Cujo is King’s second novel set in the fictional Maine town of Castle Rock—and we get a much closer look at the place than we did in The Dead Zone. Perhaps most interestingly for enthusiasts of King continuity, there are various direct references to The Dead Zone (specifically in the mentions of the serial killer featured in that book, and the return appearance of Sheriff Bannerman). However, the aspect I found most interesting is the first vague shadows of what would eventually become It—the idea that evil can pervade throughout a town, and across time, and that it may choose to spend its spare time lurking in a young child’s closet.

The Adaptations

There is one adaptation of Cujo; a 1983 movie. This arrived at a time when Hollywood was crazy for Stephen King adaptations and somehow ended up being released just before the movie adaptation of The Dead Zone; as such, any references to events in that story were removed from the movie before release.

It’s an oddly faithful adaptation (having recently given it a watch so I could wrap up this post) something which does not work in its favour. There are plot threads which are an important part of the novel that get squeezed in here and yet are given short shrift, but really should have been dropped in favour of streamlining the story. The movie is hugely elevated by some tremendous acting and some gorgeous cinematography (from Jan de Bont) but sits in a strange netherworld by virtue of being neither a terrible nor or an especially memorable adaptation.

Incidentally my favourite bit of movie trivia is that the adaptation of King’s previous book, Firestarter, starred Drew Barrymore. Meanwhile, Cujo stars Dee Wallace, who played Barrymore’s mother in E.T. (Wallace also starred in one of my favourite movies, The Howling, which is also about shaggy beasts that like to bite people).

The Reading

I think, though I’m not sure, that this is my first time reading Cujo and despite my admiration for what King achieved in managing to write the novel, it has definitely been my least favourite read so far. There is a vein of nastiness (possibly derived from self-loathing?) that runs through the entire book. I’ve often admired the no-holds-barred approach that King takes to his writing—the fact that he will not shy away from the darkest places is, in my opinion, one of the things that has contributed to his reputation. However, Cujo is different: it’s a bleak, hard novel in which our protagonists suffer pretty much from start to finish. There are terrible characters who are instrumental in ruining lives, and even when those people are out of the way there are other things waiting in the shadows ready to tear people apart (sometimes literally, sometimes metaphorically).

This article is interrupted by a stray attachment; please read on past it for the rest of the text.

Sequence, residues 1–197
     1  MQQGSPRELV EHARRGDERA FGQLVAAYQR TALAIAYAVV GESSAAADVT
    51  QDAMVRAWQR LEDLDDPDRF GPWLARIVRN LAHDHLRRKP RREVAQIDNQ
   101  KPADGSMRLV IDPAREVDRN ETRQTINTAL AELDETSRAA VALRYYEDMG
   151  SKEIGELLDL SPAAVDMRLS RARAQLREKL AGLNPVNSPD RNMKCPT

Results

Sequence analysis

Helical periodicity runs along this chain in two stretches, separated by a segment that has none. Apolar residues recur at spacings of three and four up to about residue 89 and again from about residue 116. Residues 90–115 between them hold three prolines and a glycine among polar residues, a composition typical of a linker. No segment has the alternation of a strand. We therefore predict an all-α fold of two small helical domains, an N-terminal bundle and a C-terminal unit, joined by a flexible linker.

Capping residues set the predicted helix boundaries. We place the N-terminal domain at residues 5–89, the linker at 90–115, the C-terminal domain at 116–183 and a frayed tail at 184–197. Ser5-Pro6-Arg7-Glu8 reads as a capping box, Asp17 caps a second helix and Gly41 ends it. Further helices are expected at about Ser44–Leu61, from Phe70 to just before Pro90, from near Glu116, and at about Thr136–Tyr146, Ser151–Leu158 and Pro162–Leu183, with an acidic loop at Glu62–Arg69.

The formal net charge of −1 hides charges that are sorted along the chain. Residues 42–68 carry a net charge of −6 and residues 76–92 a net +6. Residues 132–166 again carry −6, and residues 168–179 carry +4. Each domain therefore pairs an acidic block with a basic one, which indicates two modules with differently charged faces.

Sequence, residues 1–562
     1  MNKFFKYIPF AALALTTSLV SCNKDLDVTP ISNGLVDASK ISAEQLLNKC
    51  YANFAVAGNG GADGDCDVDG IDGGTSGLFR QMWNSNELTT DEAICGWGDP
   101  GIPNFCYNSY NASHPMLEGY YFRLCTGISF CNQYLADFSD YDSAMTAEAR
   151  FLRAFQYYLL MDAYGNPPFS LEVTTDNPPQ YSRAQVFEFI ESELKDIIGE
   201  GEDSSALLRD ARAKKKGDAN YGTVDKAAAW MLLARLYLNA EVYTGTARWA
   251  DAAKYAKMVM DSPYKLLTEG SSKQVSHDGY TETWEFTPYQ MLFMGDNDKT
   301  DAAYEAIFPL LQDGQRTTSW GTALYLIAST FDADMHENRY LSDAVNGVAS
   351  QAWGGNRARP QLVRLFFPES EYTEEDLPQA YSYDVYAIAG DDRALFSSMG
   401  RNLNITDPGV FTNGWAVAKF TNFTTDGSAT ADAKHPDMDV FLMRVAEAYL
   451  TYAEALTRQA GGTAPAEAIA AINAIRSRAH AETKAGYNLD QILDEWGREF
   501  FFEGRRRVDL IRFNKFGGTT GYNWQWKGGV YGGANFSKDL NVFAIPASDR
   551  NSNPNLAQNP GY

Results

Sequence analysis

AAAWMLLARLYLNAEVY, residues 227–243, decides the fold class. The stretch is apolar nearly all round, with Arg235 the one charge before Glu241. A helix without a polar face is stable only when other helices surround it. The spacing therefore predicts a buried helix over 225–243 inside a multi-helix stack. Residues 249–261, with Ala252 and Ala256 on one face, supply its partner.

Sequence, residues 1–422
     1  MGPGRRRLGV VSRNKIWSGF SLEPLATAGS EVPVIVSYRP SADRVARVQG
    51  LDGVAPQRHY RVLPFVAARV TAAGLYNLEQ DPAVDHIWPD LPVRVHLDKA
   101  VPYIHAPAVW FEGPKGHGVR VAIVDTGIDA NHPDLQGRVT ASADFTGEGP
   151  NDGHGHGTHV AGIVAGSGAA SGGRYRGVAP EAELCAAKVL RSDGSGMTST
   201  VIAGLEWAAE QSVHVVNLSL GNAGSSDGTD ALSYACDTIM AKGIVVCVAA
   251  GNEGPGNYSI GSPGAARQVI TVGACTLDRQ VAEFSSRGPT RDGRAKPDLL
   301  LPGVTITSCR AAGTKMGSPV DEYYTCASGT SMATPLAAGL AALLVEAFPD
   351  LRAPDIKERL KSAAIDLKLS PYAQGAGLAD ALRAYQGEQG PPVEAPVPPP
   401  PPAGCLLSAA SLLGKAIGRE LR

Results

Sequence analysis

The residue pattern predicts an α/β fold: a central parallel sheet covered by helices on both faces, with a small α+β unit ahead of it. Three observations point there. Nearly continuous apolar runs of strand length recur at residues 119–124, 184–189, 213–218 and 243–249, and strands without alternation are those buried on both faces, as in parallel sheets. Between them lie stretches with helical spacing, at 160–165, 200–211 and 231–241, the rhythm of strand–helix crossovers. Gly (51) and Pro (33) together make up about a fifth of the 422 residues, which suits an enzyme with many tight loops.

There was a point around halfway through where I considered simply not finishing the book. I was moderately invested in the characters, but I wasn’t sure that this was a journey I really wanted to go on. Nevertheless, I did push through to the end and I’m glad I did. It’s probably not a novel I’ll be rushing to read again, but it’s still an impressive work and a fascinating glimpse of what you get when King finds himself down in some of those dark places.

Revisiting King: Firestarter

(April 19 – 28)

Firestarter paperback cover
Another fairly routine cover in a series that is admittedly growing on me. I like that this is vaguely reminiscent of the iconic Drew Barrymore focused film poster.

We’re currently in a bit of a plateau in the Stephen King bibliography:a run of books that are still regarded as King Classics (at least by me) but are nevertheless caught between the twin shadows of The Stand and It.

Once again, Firestarter comes bereft of any author’s notes, forcing me to resort to rampant speculation in determining how this novel came to be. It’s quite a different book for King; like The Dead Zone, it leans more towards thriller than horror; and also like The Dead Zone (which was strongly episodic) it finds the author playing with structure. Firestarter plunges right down to business, with us readers joining the plot about halfway through. Most of the missing pieces are filled in through various flashbacks scattered across the first half of the novel. 

Due to this spirit of experimentation (and given that The Dead Zone was King’s first novel to become a top ten bestseller), I suspect this plateau is showing us a relatively confident Stephen King trying out different ways of telling stories. However, I also wonder if Firestarter perhaps started out as a short story and simply continued to grow. Given the efficient opening, you can almost imagine the opening chapter being a self-contained short story until it’s author decided this one had legs.

There are few overt tie-ins to other King novels that I noticed–no Castle Rock this time, no manically religious characters, no alcoholism, no main characters who also happen to be writers–but obviously the concept of a young child with supernatural powers, and that power being sought after by another entity, is not a million miles removed from The Shining.